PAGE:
We are pleased to announce the publication of the following NICE guideline developed by the National Guideline Alliance (NGA)
Preterm birth, defined as birth before 37 weeks’ gestation, can be associated with short and long-term medical problems. While most babies born preterm will have good medical and developmental outcomes, some will have enduring problems. In 2014, 48,985 babies were born preterm in the UK (7.4% of all live births). Of these, 2,438 (0.4% of all live births) were born before 28 weeks’ gestation.
Preterm birth is associated with an increased risk of developmental problems and disorders. These include developmental challenges, physical, sensory, cognitive and learning disorders, and emotional and behavioural problems. These may extend into adolescence and, in some cases, be lifelong. In particular, the risk and prevalence of impairments that affect educational attainment rises sharply in children born before 28 weeks' gestation. Most major disorders are detectable in the first two years of life but some developmental disorders and problems, particularly those that have an impact on the child's educational participation and attainment, may not be apparent until they are four years or older.
Identifying developmental problems and disorders in all children (born preterm or at term) in England is currently done through the Healthy Child Programme up until the age of five years.
This guideline aims to improve the identification of developmental problems and disorders in children born preterm by recommending that enhanced surveillance and support programme is established for those with problems or disorders, or who are at high risk of developing them. It is recommended an enhanced programme should include two face-to-face follow-up visits in the first year that focus on development and a detailed face-to-face developmental assessment at two years. The guidance also recommends that an additional developmental assessment takes place at age four years for children born at less than 28 weeks’ gestation to identify problems that become more apparent at school age, with a view to supporting education plans. The guideline makes recommendations concerning who should carry out these assessments, and what they should include, including the use of parent-completed screening questionnaires and IQ tests.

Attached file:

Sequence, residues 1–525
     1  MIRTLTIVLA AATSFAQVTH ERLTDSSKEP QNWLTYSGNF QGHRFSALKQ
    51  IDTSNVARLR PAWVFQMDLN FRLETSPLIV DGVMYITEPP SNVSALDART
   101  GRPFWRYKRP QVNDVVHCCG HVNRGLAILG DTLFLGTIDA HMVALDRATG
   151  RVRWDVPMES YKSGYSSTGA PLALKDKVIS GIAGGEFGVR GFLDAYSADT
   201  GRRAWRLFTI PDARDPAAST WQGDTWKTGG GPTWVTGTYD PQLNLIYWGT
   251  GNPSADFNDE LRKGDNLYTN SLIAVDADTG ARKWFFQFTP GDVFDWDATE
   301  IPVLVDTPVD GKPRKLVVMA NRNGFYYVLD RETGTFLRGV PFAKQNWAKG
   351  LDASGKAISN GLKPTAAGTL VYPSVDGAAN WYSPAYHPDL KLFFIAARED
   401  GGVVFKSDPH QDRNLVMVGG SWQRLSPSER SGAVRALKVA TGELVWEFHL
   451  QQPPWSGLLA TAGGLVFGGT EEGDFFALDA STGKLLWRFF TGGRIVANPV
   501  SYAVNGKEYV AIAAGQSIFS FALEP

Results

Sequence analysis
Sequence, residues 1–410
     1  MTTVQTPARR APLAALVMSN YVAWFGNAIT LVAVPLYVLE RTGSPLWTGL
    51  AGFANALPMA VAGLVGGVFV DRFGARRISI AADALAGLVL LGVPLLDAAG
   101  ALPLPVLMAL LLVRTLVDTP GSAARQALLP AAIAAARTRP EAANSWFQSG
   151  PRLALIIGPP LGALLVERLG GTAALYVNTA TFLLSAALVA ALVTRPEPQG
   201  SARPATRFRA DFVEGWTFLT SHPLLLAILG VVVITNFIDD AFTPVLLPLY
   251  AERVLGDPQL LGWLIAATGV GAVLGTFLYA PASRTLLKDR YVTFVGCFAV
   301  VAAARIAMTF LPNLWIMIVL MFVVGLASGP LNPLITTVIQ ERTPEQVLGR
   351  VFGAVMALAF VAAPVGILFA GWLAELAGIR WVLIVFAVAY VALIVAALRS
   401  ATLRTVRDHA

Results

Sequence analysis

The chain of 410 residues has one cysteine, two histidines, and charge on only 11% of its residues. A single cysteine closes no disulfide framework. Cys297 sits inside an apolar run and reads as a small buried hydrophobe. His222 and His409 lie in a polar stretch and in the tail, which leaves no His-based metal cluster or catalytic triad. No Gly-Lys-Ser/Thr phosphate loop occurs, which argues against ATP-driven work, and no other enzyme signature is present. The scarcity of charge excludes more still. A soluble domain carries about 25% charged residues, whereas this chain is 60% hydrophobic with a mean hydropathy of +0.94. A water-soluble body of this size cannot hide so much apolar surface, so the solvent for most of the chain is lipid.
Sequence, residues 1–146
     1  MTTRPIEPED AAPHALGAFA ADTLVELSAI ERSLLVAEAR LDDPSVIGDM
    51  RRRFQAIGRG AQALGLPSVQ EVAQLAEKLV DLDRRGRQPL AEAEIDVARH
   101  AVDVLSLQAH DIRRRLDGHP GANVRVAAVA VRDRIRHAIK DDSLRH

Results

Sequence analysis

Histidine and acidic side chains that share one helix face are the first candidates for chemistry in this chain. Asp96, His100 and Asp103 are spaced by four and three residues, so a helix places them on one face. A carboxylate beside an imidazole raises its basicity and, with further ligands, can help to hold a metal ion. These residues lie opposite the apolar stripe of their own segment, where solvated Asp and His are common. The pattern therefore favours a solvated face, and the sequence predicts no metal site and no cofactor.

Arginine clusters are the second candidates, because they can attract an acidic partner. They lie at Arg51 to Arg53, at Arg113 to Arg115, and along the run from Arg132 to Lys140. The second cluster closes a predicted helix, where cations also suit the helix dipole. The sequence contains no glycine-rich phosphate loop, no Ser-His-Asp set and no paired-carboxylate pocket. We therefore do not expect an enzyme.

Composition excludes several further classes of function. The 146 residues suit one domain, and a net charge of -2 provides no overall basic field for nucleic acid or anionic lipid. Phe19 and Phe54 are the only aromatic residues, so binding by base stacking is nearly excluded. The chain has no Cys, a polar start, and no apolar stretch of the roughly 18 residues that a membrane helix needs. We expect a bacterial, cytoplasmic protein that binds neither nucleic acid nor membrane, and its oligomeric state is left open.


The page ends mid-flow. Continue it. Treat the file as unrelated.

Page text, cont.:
In addition to the surveillance programme, this guideline also recommends the support to be offered to parents and carers of all children and young people born preterm, including advice on what support should be provided if developmental problems or disorders are identified later in childhood or through the education services.
"Developmental follow-up of children and young people born preterm" [NG72] is now published on the NICE website.